Using Python to Monitor a .Onion Dark Web Site

I have a few servers running on the dark web for my SANSSEC497 Practical OSINT course. The dark web is known for many things, but reliability isn’t necessarily one of them, which is why I have multiple. As the class becomes available in March, students will take it all over the world, at different times. Because of this, I needed a small program to monitor my dark web sites and let me know if they were offline.

My first attempt was using a popular open-source website monitor. I made several attempts to route its traffic through Tor to monitor my .onion sites, but they weren’t successful. I finally decided to write a simple Python script to fit my needs. I then thought, why do that, when I can have ChatGPT do it for me?

I went to the ChatGPT website and asked it to write me some python code to check if my .onion site was online and to alert me if it wasn’t. I had to switch the port it wanted to use for the SOCKS proxy (more on that later), but the code worked. I then asked it to check a list of sites every 15 minutes and only to notify me if any site failed the check four times in a row. With the dark web being as unreliable as it is, I don’t want to get constant notifications if the issue was just a minor hiccup.

Anyone who’s built (or used) any persistent monitoring system knows there is the potential to get flooded with alerts, and nobody enjoys that. I asked ChatGPT to make the code use Amazon’s SES email service to email me if a site was down more than four checks in a row, but not to notify me more than once per day, per site. This way if I’m asleep when a site goes down I wake up to a single email instead of an inbox avalanche.

Ok, that was the why, let’s talk about the how. I’ve tested this code on Windows, but for production, I wanted it on a small Intel Nuc running Ubuntu 22.04.








The first step is to get Tor running on the nook.

sudo apt install tor
sudo
service tor status

This first command will install Tor, and the second will let you verify that it’s running.

I then used pip to install the python packages “requests” (to make our web requests), “stem” to interact with Tor and “pysocks” (to let our code use the SOCKS proxy opened up by Tor when it’s running

On Windows with the Tor Browser running, I needed to funnel my traffic through port 9150. On Ubuntu with the Tor service running, I needed to use port 9050.

The last Python library I installed was “boto3” which lets Python work with Amazon’s cloud or AWS. Their SES service makes it very easy to automate email notifications. If you’re interested in getting started using AWS, I wrote a few blog posts in 2020 which you can find here.

With the requirements out of the way, let’s look at the code:

import time
import datetime
import requests
from stem import Signal
from stem.control import Controller
import boto3

# Replace with your AWS access key and secret key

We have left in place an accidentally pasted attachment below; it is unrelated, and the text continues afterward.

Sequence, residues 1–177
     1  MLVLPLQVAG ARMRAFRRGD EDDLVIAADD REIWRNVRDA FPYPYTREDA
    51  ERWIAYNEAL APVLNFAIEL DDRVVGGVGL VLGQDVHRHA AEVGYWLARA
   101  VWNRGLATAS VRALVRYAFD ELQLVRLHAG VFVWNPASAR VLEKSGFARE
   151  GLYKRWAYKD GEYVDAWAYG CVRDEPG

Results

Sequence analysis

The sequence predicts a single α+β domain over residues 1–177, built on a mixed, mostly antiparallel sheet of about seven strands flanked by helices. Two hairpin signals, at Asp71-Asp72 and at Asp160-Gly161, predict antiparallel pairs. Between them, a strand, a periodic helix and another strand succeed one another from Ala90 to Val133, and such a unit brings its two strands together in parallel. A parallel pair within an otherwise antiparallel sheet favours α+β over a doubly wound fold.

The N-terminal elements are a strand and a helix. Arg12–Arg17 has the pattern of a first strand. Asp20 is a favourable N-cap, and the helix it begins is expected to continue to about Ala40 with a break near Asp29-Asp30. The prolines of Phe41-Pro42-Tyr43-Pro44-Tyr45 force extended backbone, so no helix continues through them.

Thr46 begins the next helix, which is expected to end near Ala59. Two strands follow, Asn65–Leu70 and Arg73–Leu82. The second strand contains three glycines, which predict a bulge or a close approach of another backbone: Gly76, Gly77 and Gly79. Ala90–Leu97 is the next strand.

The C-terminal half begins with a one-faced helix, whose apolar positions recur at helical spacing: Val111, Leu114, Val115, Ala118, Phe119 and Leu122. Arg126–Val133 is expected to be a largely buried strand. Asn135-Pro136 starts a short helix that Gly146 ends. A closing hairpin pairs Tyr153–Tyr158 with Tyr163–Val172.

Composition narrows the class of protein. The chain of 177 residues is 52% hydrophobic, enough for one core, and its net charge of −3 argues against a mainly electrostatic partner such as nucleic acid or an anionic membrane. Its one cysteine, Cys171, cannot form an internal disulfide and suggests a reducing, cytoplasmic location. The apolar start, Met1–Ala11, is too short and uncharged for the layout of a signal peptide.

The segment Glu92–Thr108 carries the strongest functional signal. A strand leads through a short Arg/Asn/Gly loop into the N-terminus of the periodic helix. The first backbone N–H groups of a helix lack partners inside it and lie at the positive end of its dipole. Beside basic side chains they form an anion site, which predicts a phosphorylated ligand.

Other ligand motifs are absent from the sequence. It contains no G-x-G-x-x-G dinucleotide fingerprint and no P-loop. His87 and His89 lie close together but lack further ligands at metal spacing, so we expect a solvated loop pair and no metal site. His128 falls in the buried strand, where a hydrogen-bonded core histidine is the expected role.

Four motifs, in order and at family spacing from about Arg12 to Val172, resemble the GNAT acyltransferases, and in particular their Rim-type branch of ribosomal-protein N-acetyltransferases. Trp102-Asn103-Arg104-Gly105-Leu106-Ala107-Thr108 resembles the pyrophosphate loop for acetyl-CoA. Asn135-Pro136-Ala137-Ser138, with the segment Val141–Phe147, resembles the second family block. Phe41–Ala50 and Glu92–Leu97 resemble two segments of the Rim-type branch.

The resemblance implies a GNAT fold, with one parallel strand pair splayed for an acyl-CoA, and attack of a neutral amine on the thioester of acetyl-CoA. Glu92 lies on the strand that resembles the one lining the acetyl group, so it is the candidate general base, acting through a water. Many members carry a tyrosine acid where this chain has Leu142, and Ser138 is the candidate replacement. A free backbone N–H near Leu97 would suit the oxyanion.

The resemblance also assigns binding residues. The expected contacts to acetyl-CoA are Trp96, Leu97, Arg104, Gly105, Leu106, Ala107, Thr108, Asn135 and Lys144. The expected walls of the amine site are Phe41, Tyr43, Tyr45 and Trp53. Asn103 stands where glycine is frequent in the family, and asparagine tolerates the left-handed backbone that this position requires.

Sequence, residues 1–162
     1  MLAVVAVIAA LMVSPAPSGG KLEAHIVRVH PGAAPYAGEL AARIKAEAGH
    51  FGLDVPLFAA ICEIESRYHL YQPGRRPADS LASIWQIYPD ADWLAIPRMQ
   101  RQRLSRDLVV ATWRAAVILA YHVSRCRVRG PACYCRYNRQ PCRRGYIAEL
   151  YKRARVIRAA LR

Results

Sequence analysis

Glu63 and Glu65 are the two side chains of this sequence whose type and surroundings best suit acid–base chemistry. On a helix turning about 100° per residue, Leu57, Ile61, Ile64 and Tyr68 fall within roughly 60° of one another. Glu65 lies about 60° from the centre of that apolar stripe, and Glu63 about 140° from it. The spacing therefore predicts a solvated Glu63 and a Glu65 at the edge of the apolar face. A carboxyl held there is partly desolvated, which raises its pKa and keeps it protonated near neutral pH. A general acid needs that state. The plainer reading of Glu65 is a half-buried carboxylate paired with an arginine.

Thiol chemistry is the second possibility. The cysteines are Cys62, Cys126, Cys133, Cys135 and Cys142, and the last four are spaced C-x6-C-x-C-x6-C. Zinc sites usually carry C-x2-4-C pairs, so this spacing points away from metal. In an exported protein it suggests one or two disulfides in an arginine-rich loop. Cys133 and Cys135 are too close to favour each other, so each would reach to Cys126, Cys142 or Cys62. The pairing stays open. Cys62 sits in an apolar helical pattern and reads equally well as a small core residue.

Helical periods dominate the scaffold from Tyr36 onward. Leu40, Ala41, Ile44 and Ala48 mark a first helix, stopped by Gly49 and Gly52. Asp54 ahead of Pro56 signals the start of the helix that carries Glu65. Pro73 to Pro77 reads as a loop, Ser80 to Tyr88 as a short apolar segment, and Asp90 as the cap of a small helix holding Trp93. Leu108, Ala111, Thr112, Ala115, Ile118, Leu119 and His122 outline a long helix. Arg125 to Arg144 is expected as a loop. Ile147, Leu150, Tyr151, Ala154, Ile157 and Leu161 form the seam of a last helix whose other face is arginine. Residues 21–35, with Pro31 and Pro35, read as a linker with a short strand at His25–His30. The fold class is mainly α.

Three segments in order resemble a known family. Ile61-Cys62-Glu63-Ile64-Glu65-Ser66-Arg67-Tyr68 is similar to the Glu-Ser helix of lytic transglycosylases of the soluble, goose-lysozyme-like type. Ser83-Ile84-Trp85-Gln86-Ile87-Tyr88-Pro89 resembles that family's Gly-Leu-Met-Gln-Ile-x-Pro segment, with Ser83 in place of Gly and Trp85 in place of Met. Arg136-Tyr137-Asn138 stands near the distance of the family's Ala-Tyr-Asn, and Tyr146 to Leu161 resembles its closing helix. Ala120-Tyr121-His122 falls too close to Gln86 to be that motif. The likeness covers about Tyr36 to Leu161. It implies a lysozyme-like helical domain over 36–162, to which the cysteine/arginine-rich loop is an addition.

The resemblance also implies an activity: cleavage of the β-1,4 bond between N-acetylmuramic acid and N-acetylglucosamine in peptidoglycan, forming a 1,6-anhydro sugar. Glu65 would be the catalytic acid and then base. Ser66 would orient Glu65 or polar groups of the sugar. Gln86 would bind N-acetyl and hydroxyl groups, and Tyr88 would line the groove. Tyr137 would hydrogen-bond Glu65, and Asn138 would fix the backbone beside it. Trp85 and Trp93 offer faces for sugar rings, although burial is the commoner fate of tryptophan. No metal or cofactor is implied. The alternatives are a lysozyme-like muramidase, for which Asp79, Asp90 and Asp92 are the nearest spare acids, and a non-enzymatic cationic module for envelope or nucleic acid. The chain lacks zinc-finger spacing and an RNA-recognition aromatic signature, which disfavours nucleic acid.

aws_access_key_id =
"ACCESS_KEY"
aws_secret_access_key =
"SECRET_KEY"

def
check_onion_site(url, failures, last_notification_sent):
    session = requests.session()
    session.proxies = {
'http':  'socks5h://127.0.0.1:9050',
                      
'https': 'socks5h://127.0.0.1:9050'}
    try:
        response = session.get(url, timeout=
10)
        response.raise_for_status()
        print(
f"{url} is up!")
        return
0
    except requests.exceptions.RequestException as e:
        print(
f"{url} is down: {e}")
        return
1

def
send_notification(url):
   
# Replace with your email address
    recipient =
"recipient@example.com"
   
# Replace with your sender email address
    sender =
"sender@example.com"

    client = boto3.client(
'ses',
                         region_name=
"us-west-2",
                         aws_access_key_id=aws_access_key_id,
                         aws_secret_access_key=aws_secret_access_key)

    subject =
f"Notification: {url} is down"
    body =
f"{url} is down for more than 4 consecutive times."
    client.send_email(
        Source=sender,
        Destination={
           
'ToAddresses': [
                recipient,
            ]
        },
        Message={
           
'Subject': {
               
'Data': subject
            },
           
'Body': {
               
'Text': {
                   
'Data': body
                }
            }
        }
    )
    print(
f"Email sent to {recipient}")

urls = [
"http://icanhazip.com","http://f5xdqcmzgq6tld6cg7ttahzulzm656tg2jl7zhrordjkajjgilc2jgqd.onion/"]
failures = {url:
0 for url in urls}
last_notification_sent = {url: datetime.datetime.now() for url in urls}

while
True:
    for url in urls:
        fail_count = check_onion_site(url, failures, last_notification_sent)
        if fail_count ==
1:
            failures[url] +=
1
        else:
            failures[url] =
0
       
        if failures[url] >=
4 and (datetime.datetime.now() - last_notification_sent[url]).days >= 1:
            send_notification(url)
            last_notification_sent[url] = datetime.datetime.now()
           
    time.sleep(
900) # check every 15 minutes

 

I did have to make one change to the ChatGPT-generated code. The original code tried to call the check_onion_site function with only two arguments instead of the three required. After that quick fix, I fired up the code and it worked like a champ. If you want to email notifications to work, you’ll have to put in your own AWS keys, but the rest of the code works without them.

The code here checks two sites, including one on the internet, icanhazip.com. I put this in there during testing figuring that if it couldn't hit that site, it was likely an issue with my Tor proxy.

There are a few changes I will make to this but I wanted to share it since when I went looking for something like it online, I really couldn’t find anything.

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